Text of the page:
Don't Get Swept: How to Spot Chimney Cleaner Scams


It’s hard to know when there’s a problem with your chimney. But an issue left unfixed can cause significant and costly damages.

Unlike a leaky toilet or a malfunctioning oil burner, the signs of any chimney woes aren’t obvious and can be hard for homeowners to see, which is why experts say the chimney cleaning and repair industry is rife with scams.

“Chimney work can be a pretty easy scam to perpetrate because most homeowners don’t know much about their chimneys and usually don’t have any good way of checking up to see that the job was done properly,” says Katherine Hutt, a spokeswoman for the Better Business Bureau.

Scams can happen all the time, but tend to increase in times of turmoil, like when a tree falls on the roof or soot is backing up into the house. Criminals prey on desperation and the likelihood that the homeowner hasn’t climbed onto the roof to see what’s going on.

“If someone tells you that you’re about to have a problem or you’re in imminent danger of a carbon monoxide leak, it can be scary,” says Angie Hicks, founder of internet-based referral service Angie’s List. “Couple that with the very real danger of a house fire should you really have a problem, and it’s a home improvement/repair project ripe for scams.”

According to the Better Business Bureau, a prevalent scam involves an unscrupulous individual knocking on a homeowner’s door offering a deal on a chimney cleaning service because he or she is in the neighborhood. The scam artist may look legit, spend some time around the chimney and then leave with the payment without making any repairs or real inspections.

In another scam, the fraudster takes a deposit for a future appointment and then disappears for good. Criminals will even use fake referrals to lure in reluctant consumers. For instance, Hutt says the scammer may pretend to be from the local fire department and recommend a particular chimney sweep company. He or she will even take a credit card deposit over the phone, opening the door to identity theft.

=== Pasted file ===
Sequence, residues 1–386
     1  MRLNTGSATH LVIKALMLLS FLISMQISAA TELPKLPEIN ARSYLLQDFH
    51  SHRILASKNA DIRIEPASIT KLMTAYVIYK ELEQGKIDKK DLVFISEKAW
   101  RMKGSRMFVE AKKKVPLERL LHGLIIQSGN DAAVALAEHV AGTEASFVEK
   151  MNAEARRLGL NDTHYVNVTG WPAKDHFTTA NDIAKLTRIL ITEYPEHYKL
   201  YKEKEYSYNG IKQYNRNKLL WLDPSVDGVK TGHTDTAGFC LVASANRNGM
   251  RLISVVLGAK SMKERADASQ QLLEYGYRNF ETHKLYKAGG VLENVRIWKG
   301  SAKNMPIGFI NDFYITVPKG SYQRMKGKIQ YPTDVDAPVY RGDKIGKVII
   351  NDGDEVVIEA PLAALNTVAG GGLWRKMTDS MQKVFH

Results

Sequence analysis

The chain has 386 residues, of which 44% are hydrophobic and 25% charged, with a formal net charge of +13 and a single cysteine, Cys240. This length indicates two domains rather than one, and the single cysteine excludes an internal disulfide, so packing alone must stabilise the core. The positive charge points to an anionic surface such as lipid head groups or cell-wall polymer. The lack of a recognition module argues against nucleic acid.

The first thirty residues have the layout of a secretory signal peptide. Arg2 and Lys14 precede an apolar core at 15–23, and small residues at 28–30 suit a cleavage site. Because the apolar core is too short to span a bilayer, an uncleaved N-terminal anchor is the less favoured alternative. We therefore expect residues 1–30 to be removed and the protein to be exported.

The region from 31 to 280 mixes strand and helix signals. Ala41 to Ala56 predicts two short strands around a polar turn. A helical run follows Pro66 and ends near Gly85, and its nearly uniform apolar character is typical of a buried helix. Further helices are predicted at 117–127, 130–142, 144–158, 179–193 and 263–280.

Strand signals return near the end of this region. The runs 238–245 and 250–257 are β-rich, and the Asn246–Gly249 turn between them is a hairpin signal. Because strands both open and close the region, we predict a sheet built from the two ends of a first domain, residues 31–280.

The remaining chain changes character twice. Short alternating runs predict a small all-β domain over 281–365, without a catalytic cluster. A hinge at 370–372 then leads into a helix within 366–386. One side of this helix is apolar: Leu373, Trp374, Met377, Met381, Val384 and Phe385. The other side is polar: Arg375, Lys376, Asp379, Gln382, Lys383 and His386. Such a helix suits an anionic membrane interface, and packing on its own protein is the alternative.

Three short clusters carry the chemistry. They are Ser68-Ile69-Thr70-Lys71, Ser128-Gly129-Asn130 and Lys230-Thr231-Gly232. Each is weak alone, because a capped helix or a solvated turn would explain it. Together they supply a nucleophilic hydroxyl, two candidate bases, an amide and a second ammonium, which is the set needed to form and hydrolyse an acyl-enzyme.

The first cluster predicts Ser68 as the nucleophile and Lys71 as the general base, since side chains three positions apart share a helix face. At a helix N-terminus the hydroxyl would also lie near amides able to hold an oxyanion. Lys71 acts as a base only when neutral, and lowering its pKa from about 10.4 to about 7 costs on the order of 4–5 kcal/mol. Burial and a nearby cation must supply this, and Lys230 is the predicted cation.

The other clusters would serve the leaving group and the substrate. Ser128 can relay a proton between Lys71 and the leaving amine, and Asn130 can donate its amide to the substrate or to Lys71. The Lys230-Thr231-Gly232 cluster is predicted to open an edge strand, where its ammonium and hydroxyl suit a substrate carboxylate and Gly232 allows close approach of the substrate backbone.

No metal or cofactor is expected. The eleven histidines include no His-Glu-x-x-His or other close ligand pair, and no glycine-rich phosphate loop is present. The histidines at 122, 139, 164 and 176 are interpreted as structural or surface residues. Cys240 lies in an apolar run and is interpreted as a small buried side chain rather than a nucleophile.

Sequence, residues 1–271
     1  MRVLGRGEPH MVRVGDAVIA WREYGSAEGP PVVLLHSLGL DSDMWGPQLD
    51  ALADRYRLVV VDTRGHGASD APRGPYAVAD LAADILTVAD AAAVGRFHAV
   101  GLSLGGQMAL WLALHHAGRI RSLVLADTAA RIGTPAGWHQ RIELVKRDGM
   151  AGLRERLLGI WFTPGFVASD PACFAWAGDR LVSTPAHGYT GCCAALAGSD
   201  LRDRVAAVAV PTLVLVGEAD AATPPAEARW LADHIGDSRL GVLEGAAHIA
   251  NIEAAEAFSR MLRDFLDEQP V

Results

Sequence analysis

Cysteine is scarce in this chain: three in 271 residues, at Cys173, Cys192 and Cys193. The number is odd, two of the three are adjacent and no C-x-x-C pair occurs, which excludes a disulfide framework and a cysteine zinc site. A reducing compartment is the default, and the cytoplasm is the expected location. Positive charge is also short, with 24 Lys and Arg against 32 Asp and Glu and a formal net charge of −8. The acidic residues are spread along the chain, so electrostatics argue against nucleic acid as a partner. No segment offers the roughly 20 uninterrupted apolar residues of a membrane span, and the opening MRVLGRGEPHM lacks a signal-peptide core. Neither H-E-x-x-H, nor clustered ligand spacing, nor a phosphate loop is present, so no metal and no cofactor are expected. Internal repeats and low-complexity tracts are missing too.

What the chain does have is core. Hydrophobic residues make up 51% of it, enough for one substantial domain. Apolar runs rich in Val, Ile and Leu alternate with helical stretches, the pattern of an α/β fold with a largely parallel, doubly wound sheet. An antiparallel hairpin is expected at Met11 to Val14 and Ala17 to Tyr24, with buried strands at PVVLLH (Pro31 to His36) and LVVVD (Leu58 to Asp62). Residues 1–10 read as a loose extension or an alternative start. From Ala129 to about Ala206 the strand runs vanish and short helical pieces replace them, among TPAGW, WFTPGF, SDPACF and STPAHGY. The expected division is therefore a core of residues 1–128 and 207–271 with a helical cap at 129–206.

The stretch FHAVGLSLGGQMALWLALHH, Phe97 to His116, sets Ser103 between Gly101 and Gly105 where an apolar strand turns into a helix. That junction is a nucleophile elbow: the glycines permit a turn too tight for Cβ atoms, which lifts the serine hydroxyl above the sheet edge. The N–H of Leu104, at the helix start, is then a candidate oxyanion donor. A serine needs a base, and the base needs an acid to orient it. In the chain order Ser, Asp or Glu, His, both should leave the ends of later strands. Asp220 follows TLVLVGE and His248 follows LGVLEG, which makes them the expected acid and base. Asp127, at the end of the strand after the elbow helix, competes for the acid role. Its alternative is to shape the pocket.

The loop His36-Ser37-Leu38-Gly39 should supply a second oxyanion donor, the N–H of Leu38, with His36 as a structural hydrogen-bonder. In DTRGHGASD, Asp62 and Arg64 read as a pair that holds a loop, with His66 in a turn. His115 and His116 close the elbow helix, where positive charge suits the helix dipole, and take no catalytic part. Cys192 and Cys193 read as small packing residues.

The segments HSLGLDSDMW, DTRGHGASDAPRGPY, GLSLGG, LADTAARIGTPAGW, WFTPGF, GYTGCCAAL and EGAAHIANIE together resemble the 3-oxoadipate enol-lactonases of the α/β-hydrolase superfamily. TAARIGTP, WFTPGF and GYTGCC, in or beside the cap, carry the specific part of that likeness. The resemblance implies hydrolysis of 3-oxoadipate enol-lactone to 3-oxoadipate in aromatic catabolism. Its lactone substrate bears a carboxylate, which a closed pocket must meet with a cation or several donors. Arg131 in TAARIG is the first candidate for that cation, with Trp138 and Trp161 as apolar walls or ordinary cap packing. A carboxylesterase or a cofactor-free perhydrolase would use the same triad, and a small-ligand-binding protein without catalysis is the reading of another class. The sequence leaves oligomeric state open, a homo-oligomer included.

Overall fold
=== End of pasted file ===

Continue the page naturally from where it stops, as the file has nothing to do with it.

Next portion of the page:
The best defense against any scam is knowledge. While it may not be possible to see what’s going on with the chimney, Donald Chiappetta, president of Top To Bottom Chimney Cleaners in Huntington Station, N.Y., says there are telltale signs of a legitimate company. For instance, he says a chimney  cleaning and inspection should cost around $125 or higher, take about 30 to 45 minutes and require one man on top of the roof and another in the basement vacuuming out all the soot that’s coming down.

“Usually what you will see is brush marks in the chimney” once the service is complete, he adds. If there aren’t any brush marks, that should be a major flag the service wasn’t done completely or at all.

According to Hicks, a legitimate contractor should also be able to provide photo or video proof of any extensive and costly repairs. She also cautions that companies offering upfront prices that appear too good to be true or overly-aggressive salespeople should also raise concerns.

“High pressure sales are a tactic some companies use to gain business  so be aware of them and see them for the red flags they are.,” says Hicks. “Once the salespeople get a foot in the door they may claim costly repairs or products are needed immediately to prevent serious problems like carbon monoxide leaks or chimney fires. It’s all a high pressure, do it now kind of pitch.”

At the end of the day, experts agree company referrals from friends, family and co-workers offer the best protection. But even with a referral, consumers should still ask and check a company’s accreditations, licenses and make sure there aren’t any judgments or complaints against the company with the Better Business Bureau and the state Attorney General.

“As with all home contracting services, don’t be rushed into a decision. Research the companies, starting at, and make sure the business you hire has a good reputation and happy customers,” says Hutt. “Be cautious of red flags: prices considerably lower than competitors, claims of an endorsement from the fire department, unmarked trucks or service personnel with no identification and websites, emails or flyers with typos or poor grammar.”